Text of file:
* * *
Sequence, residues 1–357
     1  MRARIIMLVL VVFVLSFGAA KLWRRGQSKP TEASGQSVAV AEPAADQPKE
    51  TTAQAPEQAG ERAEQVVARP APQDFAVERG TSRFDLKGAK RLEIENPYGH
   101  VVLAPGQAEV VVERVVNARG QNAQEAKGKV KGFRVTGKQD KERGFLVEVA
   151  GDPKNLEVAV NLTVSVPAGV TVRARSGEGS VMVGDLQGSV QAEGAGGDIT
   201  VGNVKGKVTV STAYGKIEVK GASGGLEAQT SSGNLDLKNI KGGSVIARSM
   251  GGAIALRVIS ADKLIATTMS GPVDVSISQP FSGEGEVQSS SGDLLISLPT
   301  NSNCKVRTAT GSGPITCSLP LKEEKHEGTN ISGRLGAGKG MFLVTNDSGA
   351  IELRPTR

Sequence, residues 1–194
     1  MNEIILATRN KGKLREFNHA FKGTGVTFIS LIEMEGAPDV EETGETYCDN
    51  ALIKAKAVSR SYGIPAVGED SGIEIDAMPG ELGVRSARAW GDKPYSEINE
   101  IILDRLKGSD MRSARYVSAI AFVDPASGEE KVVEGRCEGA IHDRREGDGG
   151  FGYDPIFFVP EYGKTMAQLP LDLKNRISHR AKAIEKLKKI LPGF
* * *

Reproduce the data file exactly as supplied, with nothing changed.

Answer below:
Sequence, residues 1–357
     1  MRARIIMLVL VVFVLSFGAA KLWRRGQSKP TEASGQSVAV AEPAADQPKE
    51  TTAQAPEQAG ERAEQVVARP APQDFAVERG TSRFDLKGAK RLEIENPYGH
   101  VVLAPGQAEV VVERVVNARG QNAQEAKGKV KGFRVTGKQD KERGFLVEVA
   151  GDPKNLEVAV NLTVSVPAGV TVRARSGEGS VMVGDLQGSV QAEGAGGDIT
   201  VGNVKGKVTV STAYGKIEVK GASGGLEAQT SSGNLDLKNI KGGSVIARSM
   251  GGAIALRVIS ADKLIATTMS GPVDVSISQP FSGEGEVQSS SGDLLISLPT
   301  NSNCKVRTAT GSGPITCSLP LKEEKHEGTN ISGRLGAGKG MFLVTNDSGA
   351  IELRPTR

Sequence, residues 1–194
     1  MNEIILATRN KGKLREFNHA FKGTGVTFIS LIEMEGAPDV EETGETYCDN
    51  ALIKAKAVSR SYGIPAVGED SGIEIDAMPG ELGVRSARAW GDKPYSEINE
   101  IILDRLKGSD MRSARYVSAI AFVDPASGEE KVVEGRCEGA IHDRREGDGG
   151  FGYDPIFFVP EYGKTMAQLP LDLKNRISHR AKAIEKLKKI LPGF